He saw little men on the deck of the Theodore Roosevelt below, men foreshortened in plan into mere heads and feet, running out preparing to shoot at the others.
They discovered her proximity, dropped back until she was nearly broadside on to the former battleship, and signalled up the Theodore Roosevelt and the little Monitor.
The American fleet, headed by the Theodore Roosevelt, was crossing behind them, pounding them in succession, steaming in between them and the big modern Furst Bismarck, which was coming up from the west.
She hovered high, over the Theodore Roosevelt, keeping pace with the full speed of that ship.
The Theodore Roosevelt let fly at once with the big guns in her forward barbette, but the shells burst far below the Vogel-stern, and forthwith a dozen single-man drachenflieger were swooping down to make their attack.
The American ironclads were no longer in column formation; the Theodore Roosevelt, badly damaged, had turned to the southeast, and the Andrew Jackson, greatly battered but uninjured in any fighting part was passing between her and the still fresh and vigorous Furst Bismarck to intercept and meet the latter's fire.
And then for an instant Bert perceived only too clearly in the growing, pitiless light a number of minute, convulsively active animalcula scorched and struggling in the Theodore Roosevelt's foaming wake.
But the Bremen had two boats out; the Theodore Roosevelt was also dropping boats to where the drift of minute objects struggled, rising and falling on the big, broad Atlantic waves....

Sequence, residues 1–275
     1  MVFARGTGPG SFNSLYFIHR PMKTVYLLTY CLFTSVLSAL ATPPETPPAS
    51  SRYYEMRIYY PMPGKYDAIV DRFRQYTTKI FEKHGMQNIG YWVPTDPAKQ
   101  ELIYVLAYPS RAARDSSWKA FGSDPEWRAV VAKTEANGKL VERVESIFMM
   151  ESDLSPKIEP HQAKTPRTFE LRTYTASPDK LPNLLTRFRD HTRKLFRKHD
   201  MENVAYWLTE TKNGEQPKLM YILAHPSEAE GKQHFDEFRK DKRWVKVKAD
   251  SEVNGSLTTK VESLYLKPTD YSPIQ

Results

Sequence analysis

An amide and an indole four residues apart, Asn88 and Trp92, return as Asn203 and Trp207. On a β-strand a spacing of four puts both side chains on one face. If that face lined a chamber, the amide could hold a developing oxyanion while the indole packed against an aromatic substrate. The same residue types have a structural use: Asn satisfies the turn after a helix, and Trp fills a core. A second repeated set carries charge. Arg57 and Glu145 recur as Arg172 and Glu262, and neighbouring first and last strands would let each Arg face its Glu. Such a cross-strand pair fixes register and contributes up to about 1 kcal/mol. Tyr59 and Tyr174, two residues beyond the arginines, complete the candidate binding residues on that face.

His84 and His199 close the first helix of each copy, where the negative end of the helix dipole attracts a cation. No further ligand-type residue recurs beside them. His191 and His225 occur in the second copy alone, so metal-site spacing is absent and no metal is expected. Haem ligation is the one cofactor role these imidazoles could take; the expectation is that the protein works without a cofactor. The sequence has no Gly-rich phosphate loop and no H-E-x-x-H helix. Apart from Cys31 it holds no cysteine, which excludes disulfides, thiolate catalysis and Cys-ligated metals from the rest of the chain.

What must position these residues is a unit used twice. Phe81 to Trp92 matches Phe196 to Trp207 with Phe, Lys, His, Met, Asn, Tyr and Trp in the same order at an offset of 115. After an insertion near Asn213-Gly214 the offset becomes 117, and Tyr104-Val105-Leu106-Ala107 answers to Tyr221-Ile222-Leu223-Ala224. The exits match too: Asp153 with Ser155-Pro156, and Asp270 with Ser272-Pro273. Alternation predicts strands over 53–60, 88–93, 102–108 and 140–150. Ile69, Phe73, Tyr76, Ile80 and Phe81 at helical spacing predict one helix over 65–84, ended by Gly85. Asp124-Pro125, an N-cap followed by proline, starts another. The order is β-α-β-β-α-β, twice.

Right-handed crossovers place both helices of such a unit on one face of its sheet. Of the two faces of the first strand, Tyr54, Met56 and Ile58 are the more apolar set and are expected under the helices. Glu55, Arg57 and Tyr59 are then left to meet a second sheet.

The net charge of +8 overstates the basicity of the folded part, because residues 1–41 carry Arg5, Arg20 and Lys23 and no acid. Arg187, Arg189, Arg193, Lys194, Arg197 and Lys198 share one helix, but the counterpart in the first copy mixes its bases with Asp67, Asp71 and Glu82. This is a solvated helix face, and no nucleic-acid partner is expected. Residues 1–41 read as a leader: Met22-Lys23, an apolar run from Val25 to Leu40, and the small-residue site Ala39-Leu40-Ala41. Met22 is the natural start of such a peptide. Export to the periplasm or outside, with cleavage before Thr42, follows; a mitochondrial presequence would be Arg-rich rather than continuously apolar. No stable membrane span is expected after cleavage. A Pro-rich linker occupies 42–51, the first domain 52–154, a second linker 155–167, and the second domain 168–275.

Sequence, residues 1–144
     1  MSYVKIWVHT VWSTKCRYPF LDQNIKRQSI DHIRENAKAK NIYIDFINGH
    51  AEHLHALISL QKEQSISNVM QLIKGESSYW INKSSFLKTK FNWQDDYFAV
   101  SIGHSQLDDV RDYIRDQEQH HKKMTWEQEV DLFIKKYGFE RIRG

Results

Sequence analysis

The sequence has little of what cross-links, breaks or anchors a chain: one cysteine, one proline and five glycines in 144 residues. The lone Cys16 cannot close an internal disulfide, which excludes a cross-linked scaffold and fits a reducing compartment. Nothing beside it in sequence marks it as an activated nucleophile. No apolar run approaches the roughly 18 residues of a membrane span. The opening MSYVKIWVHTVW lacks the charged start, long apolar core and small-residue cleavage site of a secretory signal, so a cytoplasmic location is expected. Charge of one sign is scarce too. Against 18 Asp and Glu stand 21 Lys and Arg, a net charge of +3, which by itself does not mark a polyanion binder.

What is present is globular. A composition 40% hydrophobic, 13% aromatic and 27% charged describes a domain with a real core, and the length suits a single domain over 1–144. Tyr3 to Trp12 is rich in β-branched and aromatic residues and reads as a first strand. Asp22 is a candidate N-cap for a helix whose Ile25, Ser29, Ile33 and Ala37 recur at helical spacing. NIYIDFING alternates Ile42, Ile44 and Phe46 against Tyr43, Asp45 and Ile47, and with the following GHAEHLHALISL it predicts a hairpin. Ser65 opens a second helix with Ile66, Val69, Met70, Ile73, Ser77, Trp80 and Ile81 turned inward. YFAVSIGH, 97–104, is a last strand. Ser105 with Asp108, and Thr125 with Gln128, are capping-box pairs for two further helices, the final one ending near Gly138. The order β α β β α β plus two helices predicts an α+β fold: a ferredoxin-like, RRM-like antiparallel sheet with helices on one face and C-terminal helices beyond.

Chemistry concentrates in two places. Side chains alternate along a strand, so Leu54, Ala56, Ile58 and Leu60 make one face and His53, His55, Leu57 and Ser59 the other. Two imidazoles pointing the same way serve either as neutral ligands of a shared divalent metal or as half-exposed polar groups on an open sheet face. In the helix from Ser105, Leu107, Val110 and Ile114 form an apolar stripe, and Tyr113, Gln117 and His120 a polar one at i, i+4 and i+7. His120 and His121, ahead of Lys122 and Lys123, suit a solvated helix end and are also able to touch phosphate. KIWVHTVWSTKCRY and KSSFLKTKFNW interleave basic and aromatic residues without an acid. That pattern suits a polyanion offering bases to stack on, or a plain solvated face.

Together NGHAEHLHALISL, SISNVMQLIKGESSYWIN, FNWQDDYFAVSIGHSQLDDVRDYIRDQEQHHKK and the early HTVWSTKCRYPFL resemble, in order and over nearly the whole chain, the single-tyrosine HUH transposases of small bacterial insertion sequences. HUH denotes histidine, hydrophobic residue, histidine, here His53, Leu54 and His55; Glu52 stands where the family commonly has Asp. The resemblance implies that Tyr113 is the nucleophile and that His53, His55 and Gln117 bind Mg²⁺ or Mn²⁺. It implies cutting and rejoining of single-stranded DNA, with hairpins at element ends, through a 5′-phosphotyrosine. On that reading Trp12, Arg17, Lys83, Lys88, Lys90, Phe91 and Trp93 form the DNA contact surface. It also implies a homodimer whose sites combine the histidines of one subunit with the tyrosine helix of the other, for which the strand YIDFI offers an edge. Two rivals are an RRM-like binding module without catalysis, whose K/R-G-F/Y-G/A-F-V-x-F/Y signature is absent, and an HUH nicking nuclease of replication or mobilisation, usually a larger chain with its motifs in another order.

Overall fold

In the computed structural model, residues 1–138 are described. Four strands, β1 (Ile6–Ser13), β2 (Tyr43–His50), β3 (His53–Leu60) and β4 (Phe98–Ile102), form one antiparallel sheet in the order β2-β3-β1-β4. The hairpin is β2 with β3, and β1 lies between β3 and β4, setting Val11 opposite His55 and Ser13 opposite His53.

Out of all this fierce torrent of sensation one impression rose and became cardinal--the impression of the men of the Theodore Roosevelt who had struggled in the water after the explosion of the first bomb.
But he forgot about the helmet when he got to the recess, because there he found lying on the floor the dead body of the boy who had been killed by a bullet from the Theodore Roosevelt.
It is on record that Theodore Roosevelt
, at that time President of the United States, said in 1905 A.D., in his address at Harvard Commencement: "We all know that, as things actually are, many of the most influential and most highly remunerated members of the Bar in every centre of wealth, make it their special task to work out bold and ingenious schemes by which their wealthy clients, individual or corporate, can evade the laws which were made to regulate, in the interests of the public, the uses of great wealth."
Archer, as he looked back, was not sure that men like himself WERE what his country needed, at least in the active service to which Theodore Roosevelt
had pointed; in fact, there was reason to think it did not, for after a year in the State Assembly he had not been re-elected, and had dropped back thankfully into obscure if useful municipal work, and from that again to the writing of occasional articles in one of the reforming weeklies that were trying to shake the country out of its apathy.